The here and now... and what and why

Complacency is a trap. At least that’s what I was thinking when I up and left the comfort of a Yankee prep school gig, where I taught music, amongst other things, for 28 years. There was also that life long career as a composer, musician and artist.

First, it was a year in St. Thomas, USVI, working as a reporter and shooting photography and then, a year in San Agustin Etla, Oaxaca, Mexico.
Time passed.
More time passed and a year back in the Athens of America followed by a hasty return to Oaxaca where it is all happening.
A couple of years in San Sebastian Etla and now, just down the road in San Pablo Etla. Life is good.

Click on an image to see it larger.
For additional photography please visit my flickr page.
You can find my music on Jango (World & latin - Worldbeat) and at iTunes and most online stores.
¡Soy consciente de todas las tradiciones del Internet!
If you are coming to Oaxaca, please contact me for tours or advice.

Santo Domingo

Santo Domingo
The view from Corazon del Pueblo

The hereafter re me

My photo
Oaxaca, Oaxaca, Mexico
Musician, photographer, videographer, reporter, ex-officio teacher, now attempting to be a world traveler

Tuesday, November 3, 2009

If this isn't nice

Many years ago, when I was starting my Buddhist studies, my teacher, a venerable man from Sri Lanka, told me, "Chris, there is no such thing as a western Buddhist so do the best you can and have fun."

And maybe it is the same for me and Day of the Dead, El Dia de los Muertos. I am not a mexicano and I will never fully experience or comprehend the whole experience, but I did the best I could and surely had fun.

Sand painting in the zocalo.I had a plan before going in and even though when the time arrived I kind of forgot it, everything went incredibly well. All of it was made possible by the use of a car from Rosa, aka DF Rosa. Muchas gracias!!!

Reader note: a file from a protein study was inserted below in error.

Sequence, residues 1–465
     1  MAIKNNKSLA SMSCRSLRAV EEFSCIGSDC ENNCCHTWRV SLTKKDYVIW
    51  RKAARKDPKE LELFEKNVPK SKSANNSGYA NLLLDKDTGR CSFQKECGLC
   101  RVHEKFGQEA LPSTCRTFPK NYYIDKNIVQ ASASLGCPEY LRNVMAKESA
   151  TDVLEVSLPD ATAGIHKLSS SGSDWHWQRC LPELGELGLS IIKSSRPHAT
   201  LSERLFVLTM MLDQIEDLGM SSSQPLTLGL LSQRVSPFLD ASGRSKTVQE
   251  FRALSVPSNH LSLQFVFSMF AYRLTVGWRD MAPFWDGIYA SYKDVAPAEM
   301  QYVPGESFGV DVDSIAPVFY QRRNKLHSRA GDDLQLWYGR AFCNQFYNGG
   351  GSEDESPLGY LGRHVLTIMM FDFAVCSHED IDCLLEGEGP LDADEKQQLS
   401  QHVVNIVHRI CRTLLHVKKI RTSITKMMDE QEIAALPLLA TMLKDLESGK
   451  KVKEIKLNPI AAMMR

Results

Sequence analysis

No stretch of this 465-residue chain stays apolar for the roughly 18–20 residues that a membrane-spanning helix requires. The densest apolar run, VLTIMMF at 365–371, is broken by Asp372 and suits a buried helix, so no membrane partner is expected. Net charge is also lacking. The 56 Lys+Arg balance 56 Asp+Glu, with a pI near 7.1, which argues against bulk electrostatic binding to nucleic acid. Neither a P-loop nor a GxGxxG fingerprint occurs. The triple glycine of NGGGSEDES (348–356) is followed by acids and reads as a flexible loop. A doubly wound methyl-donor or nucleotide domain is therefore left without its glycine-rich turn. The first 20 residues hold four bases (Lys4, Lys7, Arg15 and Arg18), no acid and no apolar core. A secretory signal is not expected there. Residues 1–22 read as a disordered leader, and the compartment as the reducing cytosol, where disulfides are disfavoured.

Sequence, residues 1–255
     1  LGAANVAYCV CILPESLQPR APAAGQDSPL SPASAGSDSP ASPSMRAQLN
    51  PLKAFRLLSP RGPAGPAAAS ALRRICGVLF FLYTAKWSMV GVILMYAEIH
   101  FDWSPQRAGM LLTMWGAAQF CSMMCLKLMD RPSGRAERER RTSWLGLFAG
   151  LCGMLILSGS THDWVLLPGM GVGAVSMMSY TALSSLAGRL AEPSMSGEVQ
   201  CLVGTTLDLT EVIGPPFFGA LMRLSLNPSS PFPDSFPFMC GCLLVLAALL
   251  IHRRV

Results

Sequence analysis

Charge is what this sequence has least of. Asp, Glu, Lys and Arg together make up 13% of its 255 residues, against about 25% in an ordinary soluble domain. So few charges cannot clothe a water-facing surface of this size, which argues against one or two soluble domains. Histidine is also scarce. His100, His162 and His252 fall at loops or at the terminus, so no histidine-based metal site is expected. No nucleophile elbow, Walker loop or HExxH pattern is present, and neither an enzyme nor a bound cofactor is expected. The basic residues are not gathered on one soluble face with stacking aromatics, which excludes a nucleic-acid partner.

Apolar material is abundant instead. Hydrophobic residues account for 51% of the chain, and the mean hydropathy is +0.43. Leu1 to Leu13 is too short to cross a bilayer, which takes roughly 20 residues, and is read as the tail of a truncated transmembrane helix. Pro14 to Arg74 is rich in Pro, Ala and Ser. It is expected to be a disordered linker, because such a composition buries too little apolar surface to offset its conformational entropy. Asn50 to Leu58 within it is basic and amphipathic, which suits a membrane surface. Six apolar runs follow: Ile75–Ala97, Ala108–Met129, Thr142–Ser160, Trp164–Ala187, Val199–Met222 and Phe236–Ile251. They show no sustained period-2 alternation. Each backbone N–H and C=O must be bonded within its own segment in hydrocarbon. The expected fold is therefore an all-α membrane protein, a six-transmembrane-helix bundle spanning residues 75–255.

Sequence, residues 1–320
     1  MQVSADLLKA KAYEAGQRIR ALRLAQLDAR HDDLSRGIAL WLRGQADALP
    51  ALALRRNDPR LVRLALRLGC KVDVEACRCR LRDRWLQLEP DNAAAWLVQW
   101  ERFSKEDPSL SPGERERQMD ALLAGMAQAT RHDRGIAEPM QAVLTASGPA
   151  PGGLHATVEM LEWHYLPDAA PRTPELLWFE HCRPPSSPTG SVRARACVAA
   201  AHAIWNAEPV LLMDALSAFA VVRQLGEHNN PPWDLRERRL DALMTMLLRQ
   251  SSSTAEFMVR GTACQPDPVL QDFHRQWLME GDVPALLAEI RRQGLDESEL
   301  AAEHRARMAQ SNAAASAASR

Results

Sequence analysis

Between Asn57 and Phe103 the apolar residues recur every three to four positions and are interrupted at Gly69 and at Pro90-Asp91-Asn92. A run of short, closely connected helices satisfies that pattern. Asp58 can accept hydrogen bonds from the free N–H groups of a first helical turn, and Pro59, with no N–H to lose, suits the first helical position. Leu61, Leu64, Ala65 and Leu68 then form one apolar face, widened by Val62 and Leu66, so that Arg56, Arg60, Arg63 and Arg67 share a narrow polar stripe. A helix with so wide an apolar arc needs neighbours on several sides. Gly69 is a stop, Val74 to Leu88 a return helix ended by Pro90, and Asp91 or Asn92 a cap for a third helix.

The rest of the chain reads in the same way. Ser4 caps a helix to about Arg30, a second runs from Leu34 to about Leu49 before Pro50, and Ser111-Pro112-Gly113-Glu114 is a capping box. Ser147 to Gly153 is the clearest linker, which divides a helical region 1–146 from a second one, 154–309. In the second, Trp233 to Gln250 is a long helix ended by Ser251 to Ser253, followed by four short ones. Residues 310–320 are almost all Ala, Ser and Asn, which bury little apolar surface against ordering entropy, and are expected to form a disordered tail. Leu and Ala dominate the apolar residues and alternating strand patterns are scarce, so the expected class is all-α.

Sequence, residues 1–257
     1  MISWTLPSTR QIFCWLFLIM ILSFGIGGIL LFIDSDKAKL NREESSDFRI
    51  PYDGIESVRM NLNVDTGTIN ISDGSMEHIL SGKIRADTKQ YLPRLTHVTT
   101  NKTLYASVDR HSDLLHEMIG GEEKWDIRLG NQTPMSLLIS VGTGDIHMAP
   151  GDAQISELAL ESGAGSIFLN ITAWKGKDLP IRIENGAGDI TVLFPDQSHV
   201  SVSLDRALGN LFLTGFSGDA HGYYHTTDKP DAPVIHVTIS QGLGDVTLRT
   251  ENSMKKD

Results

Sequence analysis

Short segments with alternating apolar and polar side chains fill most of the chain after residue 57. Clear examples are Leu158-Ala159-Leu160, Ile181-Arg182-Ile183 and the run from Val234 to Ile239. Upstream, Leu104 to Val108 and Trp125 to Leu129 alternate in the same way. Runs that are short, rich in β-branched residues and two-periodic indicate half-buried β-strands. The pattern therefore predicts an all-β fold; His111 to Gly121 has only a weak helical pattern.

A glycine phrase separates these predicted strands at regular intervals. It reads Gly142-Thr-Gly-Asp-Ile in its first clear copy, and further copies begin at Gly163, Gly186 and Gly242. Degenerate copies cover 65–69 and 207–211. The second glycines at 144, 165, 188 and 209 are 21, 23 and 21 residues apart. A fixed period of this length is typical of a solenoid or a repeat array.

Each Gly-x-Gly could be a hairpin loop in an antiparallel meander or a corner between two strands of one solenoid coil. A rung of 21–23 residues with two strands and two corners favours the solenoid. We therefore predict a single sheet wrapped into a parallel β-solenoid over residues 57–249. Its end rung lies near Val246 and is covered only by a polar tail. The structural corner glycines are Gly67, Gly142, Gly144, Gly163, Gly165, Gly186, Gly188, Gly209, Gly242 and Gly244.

I made repeated visits to certain cemeteries and the zocalo to first, follow the prep and then, be there when things were happening. I will go back in a week or so to see the aftermath. I made impromptu stops at the panteones is San Bartolo Coyotepec and Ocotlan just because I happened to find passing by. I was lost coming from San Antonino when I stumbled across the one in Ocotlan.

Rebozo and flowers in San Antonino.And even though I had a plan, I never really knew what was happening when. Yesterday, I awoke at 5AM to go and find the dancers in San Agustin Etla. I had no idea where they were so I had to drive around, stop the car, get out and listen and eventually I found them by following the music.

I had been planning this for two years, to catch them in their mirrored and belled outfits as the sun came over the mountains. Success! They had already been dancing for 12 hours and were feeling no pain, in trance-like states of intoxication. Mezcal and dancing like crazy will do that. Try it sometime. There was a great band that played nothing but high energy infectious music. They would pack into the yard of someone's house and the dancers would follow them in and it was instant party. I stuck with them for a few hours, a part of a large parade of people joining them as they walked the streets going from house to house. It all ended in complete madness in the center of the town as one band was coming down the hill as the one I was following was going up. The music kicked into a whole new gear as did the dancers. They knew it was the end and I found myself in a mosh pit of incredibly happy and hammered peopled. Total insanity of the best kind.

I did get some great video of the whole thing that I will edit and get up soon.

It was all of 9:30 in the morning so it was back to the house to recharge batteries and get ready for the afternoon trip to Teotitlan del Valle where I joined my Zapotec weaver friends, Zacarias and Emilia Ruiz and their sons, Antonio and Beto, and Antonio's wife, Claudia for a meal of mole negro. My good friend, Henry Wangeman of Amate Books and his son Zack (named after Zacarias) and others were there.
The altar at Zacarias'.At 3PM a cool wind blew in as the dead departed. We paid our respects and then went to the panteon. It was cool and gray. There was a band playing contemplative music and people sat around and listened and talked, shared a story, a drink, a handshake or a hug.

As Henry always says, quoting Vonnegut, "if this isn't nice, I don't know what is."

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